There is considerable merit to the words behind the eponymous law, and it’s helped several highly productive people. But it’s not a one-size-fits-all solution because productivity is not a linear thing. 

Using Parkinson’s Law, you have the advantage of seeing things from a different angle, which allows you to:

  1. evaluate your tasks based on your behavior and tendency to procrastinate,
  2. determine your own deadline,
  3. and reorganize your plan to get it done. 

We say we need more time when what we really need is more focus, effort, and a better plan. More time doesn’t always mean higher productivity. Sometimes it’s just a prerequisite to ‘more overthinking.’ 

Parkinson’s Law has its limitations, too. 

You can’t use it to set unrealistic goals, AND you shouldn’t sacrifice the quality of your output for the sake of saving time. But considering the nature of the task at hand, whether complex or relatively simple—for that Parkinson writes:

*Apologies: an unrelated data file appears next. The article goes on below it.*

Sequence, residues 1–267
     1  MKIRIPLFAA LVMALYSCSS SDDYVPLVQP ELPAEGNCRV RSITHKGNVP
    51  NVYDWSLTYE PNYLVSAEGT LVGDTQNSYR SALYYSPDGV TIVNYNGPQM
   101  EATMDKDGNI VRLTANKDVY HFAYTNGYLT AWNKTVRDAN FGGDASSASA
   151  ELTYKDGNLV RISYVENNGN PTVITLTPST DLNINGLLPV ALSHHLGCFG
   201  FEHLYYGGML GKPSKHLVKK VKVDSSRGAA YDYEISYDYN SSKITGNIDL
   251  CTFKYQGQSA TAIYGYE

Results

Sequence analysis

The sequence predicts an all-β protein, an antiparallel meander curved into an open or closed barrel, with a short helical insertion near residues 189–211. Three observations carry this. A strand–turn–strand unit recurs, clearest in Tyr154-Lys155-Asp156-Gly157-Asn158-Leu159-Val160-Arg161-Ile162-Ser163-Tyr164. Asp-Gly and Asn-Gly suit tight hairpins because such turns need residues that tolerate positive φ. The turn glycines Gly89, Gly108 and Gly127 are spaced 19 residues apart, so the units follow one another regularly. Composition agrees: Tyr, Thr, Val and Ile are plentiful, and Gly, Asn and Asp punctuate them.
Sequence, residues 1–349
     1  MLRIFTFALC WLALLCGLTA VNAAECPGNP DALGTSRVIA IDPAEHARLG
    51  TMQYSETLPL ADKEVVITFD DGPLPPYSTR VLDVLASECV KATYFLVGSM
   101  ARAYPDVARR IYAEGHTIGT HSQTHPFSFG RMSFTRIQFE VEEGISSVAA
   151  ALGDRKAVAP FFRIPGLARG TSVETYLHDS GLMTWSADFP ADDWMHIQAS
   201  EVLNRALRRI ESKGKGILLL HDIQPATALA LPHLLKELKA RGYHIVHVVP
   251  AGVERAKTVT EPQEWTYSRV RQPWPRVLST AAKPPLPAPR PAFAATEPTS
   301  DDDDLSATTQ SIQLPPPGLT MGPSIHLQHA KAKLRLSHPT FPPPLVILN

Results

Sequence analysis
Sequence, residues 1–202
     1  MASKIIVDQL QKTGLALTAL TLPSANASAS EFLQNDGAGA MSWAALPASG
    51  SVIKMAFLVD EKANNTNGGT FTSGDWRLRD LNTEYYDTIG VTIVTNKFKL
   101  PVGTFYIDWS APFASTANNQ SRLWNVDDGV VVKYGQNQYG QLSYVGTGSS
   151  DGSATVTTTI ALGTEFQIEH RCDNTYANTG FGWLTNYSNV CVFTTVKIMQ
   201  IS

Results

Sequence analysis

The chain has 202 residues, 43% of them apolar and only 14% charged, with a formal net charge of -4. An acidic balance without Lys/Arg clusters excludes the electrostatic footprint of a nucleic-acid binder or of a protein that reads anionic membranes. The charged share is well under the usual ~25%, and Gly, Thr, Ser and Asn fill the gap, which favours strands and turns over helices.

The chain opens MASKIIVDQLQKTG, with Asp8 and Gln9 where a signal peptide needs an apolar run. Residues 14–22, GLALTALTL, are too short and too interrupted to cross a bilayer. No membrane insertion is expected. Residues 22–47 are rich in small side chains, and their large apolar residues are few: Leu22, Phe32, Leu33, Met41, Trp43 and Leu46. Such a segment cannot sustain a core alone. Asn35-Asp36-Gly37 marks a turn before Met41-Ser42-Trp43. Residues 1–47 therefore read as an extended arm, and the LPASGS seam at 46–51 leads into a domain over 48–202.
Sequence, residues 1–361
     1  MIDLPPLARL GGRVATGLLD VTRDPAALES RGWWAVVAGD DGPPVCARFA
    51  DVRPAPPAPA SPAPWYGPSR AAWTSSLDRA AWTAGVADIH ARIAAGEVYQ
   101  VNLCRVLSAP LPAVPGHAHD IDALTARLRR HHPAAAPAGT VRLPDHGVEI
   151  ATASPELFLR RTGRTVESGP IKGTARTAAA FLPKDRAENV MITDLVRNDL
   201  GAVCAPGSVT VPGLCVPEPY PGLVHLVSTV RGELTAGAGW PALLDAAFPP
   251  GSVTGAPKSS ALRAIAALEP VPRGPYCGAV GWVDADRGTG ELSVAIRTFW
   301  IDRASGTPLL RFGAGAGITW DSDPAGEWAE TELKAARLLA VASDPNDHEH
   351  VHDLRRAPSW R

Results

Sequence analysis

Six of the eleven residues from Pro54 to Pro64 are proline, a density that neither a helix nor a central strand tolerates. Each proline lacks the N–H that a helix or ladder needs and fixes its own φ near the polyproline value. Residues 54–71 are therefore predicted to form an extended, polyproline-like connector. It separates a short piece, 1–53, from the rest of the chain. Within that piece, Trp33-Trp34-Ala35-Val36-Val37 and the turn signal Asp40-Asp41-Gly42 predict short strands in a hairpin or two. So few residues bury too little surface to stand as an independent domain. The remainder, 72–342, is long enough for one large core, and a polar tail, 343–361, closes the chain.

“Thus, an elderly lady of leisure can spend the entire day in writing and dispatching a postcard to her niece at Bognor Regis. An hour will be spent in finding the postcard, another in hunting for spectacles, half-an-hour in a search for the address, an hour and a quarter in composition, and twenty minutes in deciding whether or not to take an umbrella when going to the pillar-box in the next street. The total effort which would occupy a busy man for three minutes all told may in this fashion leave another person prostrate after a day of doubt, anxiety and toil.

So what is Parkinson saying about Work and Time? 

That I am yet to know, but here’s how I see it: 

Time is a vessel. It is not the sand in the hourglass. It’s the hourglass itself, and what counts are the things we decide to fill it with. 

When we feel like we’re running out of time, maybe it’s a good idea to step back and look at our hourglass, and ask, “Are these things worth it?”